The Klosteralm has been around since the Middle Ages. At that time the Muckenkogel hut was managed as a grangie. It is an estate complex that has been farmed. These were often found in Cistercian monasteries. In the Middle Ages, the Cistercians often received land as gifts. They handed this over to lay brothers for cultivation. They received support from the cloister and wage workers. However, they were responsible to the abbot or cellarer of the monastery for running the property.
Lunch in the Klosteralm
Today, however, the Klosteralm is leased and offers hikers and skiers a hut as a rest stop. A menu that is impressive awaits the guest when entering the Alm. The menu is listed on a slate. The choice is considerable. In addition to soups, there is everything from stew dishes such as potato goulash and lentils of bacon with bread dumplings to smoked meat and roast pork with dumplings. The prices are also cheap. For a soup you pay 2,80 euros. The most expensive main course, the Klosteralm plate with roast pork, smoked meat, cabbage, meat dumplings, bread dumplings and sausages, costs just 12 euros. Vegetarians can choose chanterelle sauce with bread dumplings.
Practical for hiking at Lilienfeld Abbey
- hiking boots - We recommend hiking boots for the hike.
- Practically for traveling is one backpack, In it you bring drinks, snack, a lunch box, picnic Accessories, a jacket and stuff under.
- Binoculars* - On this hike you can look for animals.
- Did you pack everything for your hike? With our packing list for hikers you can easily check that.
- What else you need for hiking, you can find here.
Hiking near Lilienfeld Abbey:
- Auf dem Mathias Zdarsky Panorama Trail You go on a circular route from the mountain station of the chairlift back to the mountain station. The path leads via Muckenkogel and Hinteralm over the Black Forest and Klosteralm. Duration: about 2,5 hours
- The Mathias Zdarsky Inventor Trail also shows you the inventions of the ski pioneer on a circular trail. Duration: approx. 1 hour
- The waterfall path goes from the mountain station to the Klosteralpe and the Lilienfelder Hütte. From there you then follow forest paths to the small and large waterfalls. The path ends at the valley station of the chairlift. Duration: approx. 2 hours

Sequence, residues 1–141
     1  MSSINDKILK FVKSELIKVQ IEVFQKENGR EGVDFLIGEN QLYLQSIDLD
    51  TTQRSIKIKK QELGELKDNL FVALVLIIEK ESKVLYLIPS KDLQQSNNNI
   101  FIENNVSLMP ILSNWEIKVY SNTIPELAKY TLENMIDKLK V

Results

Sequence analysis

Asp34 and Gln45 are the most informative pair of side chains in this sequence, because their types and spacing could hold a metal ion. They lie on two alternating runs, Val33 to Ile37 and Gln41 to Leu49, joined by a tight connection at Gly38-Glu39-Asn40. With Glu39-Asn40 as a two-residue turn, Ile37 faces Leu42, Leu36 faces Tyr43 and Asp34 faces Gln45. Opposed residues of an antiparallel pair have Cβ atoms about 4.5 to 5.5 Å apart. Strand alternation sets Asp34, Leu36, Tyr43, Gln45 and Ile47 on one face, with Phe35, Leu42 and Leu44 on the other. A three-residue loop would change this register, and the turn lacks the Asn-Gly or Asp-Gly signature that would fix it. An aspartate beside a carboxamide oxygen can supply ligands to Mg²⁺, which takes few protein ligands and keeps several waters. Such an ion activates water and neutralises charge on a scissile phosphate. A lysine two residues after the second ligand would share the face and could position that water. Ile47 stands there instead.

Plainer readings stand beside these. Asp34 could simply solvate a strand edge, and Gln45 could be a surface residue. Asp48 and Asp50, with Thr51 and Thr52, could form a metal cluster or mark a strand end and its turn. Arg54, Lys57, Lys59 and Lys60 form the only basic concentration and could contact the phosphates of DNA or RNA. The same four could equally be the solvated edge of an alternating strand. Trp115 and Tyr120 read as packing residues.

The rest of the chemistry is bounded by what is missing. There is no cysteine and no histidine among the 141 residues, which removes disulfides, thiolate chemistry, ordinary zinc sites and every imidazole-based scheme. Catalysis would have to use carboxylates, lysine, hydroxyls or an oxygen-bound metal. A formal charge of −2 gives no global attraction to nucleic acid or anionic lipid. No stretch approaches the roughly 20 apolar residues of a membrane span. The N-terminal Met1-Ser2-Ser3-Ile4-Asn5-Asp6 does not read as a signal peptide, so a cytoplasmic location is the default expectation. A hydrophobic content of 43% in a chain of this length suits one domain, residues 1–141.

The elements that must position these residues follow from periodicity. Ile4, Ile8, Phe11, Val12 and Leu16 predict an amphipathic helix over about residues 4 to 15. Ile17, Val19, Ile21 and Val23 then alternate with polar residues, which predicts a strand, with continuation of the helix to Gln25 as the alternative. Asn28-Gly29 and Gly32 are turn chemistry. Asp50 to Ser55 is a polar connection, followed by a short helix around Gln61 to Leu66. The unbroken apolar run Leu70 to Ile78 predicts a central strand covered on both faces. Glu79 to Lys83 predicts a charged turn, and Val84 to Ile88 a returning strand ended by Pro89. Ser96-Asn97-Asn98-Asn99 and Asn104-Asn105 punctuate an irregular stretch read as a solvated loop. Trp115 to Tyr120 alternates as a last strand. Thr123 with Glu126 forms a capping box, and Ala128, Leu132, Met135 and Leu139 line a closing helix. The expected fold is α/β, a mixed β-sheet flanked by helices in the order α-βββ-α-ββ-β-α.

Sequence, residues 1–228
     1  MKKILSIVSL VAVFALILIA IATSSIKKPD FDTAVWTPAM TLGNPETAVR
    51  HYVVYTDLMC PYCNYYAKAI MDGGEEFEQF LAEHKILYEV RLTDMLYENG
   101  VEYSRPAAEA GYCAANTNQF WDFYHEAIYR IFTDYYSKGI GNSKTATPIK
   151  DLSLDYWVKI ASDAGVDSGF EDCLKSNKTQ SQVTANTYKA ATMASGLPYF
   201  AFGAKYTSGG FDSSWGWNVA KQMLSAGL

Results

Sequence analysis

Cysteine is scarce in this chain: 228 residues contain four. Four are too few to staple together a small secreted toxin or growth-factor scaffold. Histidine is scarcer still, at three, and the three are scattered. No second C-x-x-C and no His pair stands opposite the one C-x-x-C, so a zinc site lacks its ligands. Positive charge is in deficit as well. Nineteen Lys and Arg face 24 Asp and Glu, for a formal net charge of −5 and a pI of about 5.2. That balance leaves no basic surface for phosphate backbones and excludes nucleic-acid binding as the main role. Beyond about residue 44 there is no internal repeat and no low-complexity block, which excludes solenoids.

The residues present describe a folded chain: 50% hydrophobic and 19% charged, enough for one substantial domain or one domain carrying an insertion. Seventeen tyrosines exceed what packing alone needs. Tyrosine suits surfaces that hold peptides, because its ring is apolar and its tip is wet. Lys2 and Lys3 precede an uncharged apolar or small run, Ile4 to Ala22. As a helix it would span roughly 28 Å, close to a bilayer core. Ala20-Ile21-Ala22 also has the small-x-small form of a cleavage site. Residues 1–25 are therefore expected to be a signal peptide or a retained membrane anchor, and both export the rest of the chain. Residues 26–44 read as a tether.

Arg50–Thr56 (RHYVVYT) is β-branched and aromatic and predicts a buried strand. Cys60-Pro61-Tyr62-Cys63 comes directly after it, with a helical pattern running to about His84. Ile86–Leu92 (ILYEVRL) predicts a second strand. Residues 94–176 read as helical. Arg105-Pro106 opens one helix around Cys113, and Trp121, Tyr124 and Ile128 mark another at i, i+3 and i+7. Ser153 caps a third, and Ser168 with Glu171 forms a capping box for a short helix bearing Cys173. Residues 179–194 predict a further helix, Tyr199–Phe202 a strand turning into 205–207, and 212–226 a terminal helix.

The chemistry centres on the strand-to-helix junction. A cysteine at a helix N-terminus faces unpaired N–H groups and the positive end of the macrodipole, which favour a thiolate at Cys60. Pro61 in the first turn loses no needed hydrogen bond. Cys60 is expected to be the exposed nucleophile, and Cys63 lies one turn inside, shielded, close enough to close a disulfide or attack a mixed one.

- Auf dem Waterfall climbing you start at the valley station of the Lilienfeld chairlift. You follow the blue path marking. Walking time: 1,5 hours; Route length: approx. 1,5 km; The path finally ends at the Lilienfelderhütte.
- The Jägersteig starts at the Lindenbrunntalbrücke and goes to Freiland train station. Walking time: 3 hours. From there you can also follow the Mathias Zdarsky circular hiking trail. Walking time varies individually. Trail marking: yellow; Route length: approx. 1,4 km
- The Father Exinger way starts at the crossing Friedhofsgasse / Höhenstraße. He goes into the silent valley. Trail marking: yellow. Walking time: 40-50 minutes. Distance: approx. 2 km
- The Mathias Zdarsky circular route begins and ends at the Lilienfeld district home museum. Trail marking: red. Walking time: 11 hours. Route length: 15 km
After hiking at Stift Lilienfeld, however, we take the chairlift back down into the valley. This time we are not looking at the rocks and the forest. Facing the valley, we take the chairlift down. This opens up a view of Lilienfeld Abbey.
Arriving by plane and / or car
Book yours here Arrival by plane, bus or train*. The airport that is closest is Vienna. From there you travel by car. Travel time from Vienna to Lilienfeld is about 1 hour. Of Munich one drives 4 hours, from Salzburg sowie von Graz about 2,5 hours.
Do you already know:
- Gifts for hikers
- the Mostviertel
- Heiligenkreuz Abbey and Mayerling Castle for connoisseurs
- Waldviertel Austria
- Hotel Schwarz Alm in Advent
- Freshly smoked trout and char from the Chiemsee fisherman
- Vianden - a castle in the Ourtal
We would like to thank Klösterreich for inviting us to go hiking at Lilienfeld Abbey.
Text hiking at Lilienfeld Abbey: © Copyright Monika Fuchs, TravelWorldOnline
Photos: © Copyright Monika Fuchs, TravelWorldOnline
Videos: © Copyright Petar Fuchs, TravelWorldOnline